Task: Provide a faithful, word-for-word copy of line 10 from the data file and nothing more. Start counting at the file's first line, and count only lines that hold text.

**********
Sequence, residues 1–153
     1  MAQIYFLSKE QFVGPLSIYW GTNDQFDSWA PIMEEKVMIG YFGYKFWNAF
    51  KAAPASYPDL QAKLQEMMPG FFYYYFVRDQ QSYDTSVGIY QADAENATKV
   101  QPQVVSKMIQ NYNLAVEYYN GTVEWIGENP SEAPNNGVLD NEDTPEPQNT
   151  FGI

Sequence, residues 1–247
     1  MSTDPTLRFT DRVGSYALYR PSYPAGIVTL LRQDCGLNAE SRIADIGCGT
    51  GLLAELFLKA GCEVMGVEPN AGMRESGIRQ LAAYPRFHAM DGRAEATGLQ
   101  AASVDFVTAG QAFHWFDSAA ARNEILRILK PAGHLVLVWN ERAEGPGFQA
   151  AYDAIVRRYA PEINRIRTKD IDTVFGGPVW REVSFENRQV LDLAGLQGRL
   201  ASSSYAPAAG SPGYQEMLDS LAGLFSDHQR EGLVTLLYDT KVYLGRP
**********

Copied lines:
   151  AYDAIVRRYA PEINRIRTKD IDTVFGGPVW REVSFENRQV LDLAGLQGRL